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Alcohol use and misuse, self-harm and subsequent mortality: an epidemiological and longitudinal study from the multicentre study of self-harm in England
  1. Jennifer Ness1,
  2. Keith Hawton2,
  3. Helen Bergen2,
  4. Jayne Cooper3,
  5. Sarah Steeg3,
  6. Navneet Kapur3,
  7. Martin Clarke1,
  8. Keith Waters1
  1. 1Centre for Research and Development, Derbyshire Healthcare NHS Foundation Trust, Education Centre, Kingsway Site, Derby, UK
  2. 2University Department of Psychiatry, Centre for Suicide Research, Department of Psychiatry, University of Oxford, Warneford Hospital, Oxford, UK
  3. 3Centre for Suicide Prevention, University of Manchester, Centre for Mental Health and Risk, Manchester, UK
  1. Correspondence to Jennifer Ness, Centre for Research and Development, Derbyshire Healthcare NHS Foundation Trust, Education Centre, Kingsway Site, Derby DE22 3LZ, UK; jennifer.ness{at}derbyshcft.nhs.uk

Abstract

Objectives Alcohol use and misuse are strongly associated with self-harm and increased risk of future self-harm and suicide. The UK general population prevalence of alcohol use, misuse and alcohol-attributable harm has been rising. We have investigated the prevalence of and trends in alcohol use and misuse in self-harm patients and their associations with repeat self-harm and subsequent death.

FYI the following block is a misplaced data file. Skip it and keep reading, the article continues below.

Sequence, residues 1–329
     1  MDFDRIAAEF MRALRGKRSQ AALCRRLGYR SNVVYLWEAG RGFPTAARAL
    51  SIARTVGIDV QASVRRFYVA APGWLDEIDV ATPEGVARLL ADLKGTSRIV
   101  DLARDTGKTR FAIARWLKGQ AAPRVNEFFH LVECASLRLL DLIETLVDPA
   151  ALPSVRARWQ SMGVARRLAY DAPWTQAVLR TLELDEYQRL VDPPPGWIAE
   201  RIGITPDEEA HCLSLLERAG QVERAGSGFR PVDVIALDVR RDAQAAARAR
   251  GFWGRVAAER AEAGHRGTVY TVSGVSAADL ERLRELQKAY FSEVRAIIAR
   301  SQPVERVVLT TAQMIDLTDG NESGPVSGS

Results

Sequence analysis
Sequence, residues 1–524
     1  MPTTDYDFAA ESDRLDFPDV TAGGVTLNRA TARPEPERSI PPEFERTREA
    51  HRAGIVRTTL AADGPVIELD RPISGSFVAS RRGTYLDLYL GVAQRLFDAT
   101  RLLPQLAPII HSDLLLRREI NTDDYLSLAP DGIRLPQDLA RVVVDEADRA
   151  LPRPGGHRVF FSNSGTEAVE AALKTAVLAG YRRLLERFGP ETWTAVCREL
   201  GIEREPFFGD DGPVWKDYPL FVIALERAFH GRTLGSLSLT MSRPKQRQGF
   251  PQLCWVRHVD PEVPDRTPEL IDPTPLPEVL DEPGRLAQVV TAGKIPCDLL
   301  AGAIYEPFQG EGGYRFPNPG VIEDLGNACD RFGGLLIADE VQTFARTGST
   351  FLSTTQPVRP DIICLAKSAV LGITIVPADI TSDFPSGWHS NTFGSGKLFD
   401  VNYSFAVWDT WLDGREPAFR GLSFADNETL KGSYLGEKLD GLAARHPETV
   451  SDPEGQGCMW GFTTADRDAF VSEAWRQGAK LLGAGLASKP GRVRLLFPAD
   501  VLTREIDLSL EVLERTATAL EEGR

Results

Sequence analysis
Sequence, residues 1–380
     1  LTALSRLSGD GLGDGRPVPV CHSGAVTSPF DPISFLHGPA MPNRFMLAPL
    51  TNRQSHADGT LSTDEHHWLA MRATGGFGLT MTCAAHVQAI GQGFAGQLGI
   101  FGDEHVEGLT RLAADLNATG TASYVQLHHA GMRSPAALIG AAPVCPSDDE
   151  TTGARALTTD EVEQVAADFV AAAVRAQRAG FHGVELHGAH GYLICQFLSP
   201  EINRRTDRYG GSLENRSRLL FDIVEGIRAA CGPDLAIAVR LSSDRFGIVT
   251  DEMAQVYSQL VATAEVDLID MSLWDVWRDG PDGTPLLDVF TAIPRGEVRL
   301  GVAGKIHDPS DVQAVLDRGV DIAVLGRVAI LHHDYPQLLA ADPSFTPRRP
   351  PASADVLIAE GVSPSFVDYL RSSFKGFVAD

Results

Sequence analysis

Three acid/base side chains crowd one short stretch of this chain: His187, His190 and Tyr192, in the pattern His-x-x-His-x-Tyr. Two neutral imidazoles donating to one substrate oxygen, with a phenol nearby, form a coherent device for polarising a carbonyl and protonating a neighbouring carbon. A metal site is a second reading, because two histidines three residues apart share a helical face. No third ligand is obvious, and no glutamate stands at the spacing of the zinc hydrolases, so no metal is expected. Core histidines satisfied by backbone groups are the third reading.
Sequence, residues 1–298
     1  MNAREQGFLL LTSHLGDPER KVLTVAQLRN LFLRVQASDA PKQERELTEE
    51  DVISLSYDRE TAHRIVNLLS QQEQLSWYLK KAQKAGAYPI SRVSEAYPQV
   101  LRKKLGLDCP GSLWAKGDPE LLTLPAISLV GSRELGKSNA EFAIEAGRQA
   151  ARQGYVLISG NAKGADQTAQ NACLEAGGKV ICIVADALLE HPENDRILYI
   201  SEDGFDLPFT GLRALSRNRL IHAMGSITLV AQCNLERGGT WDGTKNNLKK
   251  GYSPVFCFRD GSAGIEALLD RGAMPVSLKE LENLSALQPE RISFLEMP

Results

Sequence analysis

Methods We used patient data from the Multicentre Study of Self-Harm in England for 2000–2009 and UK mortality data for patients presenting from 2000 to 2007 who were followed up to the end of 2009.

Results Alcohol involvement in acts of self-harm (58.4%) and alcohol misuse (36.1%) were somewhat higher than found previously in self-harm patients. Alcohol involvement and misuse were most frequent in men, those aged 35–54 years and those from white ethnicities. The frequency of alcohol misuse increased between 2000 and 2009, especially in women. Repetition of self-harm was associated with alcohol involvement in self-harm and particularly with alcohol misuse. Risk of suicide was increased significantly in women misusing alcohol.

Conclusions Alcohol use and misuse in self-harm patients appears to have increased in recent years, particularly in women. The association of alcohol with greater risk of self-harm repetition and mortality highlights the need for clinicians to investigate alcohol use in self-harm patients. Ready availability of alcohol treatment staff in general hospitals could facilitate appropriate aftercare and the prevention of adverse outcomes.

  • self harm
  • alcohol abuse
  • death/mortality
  • suicide

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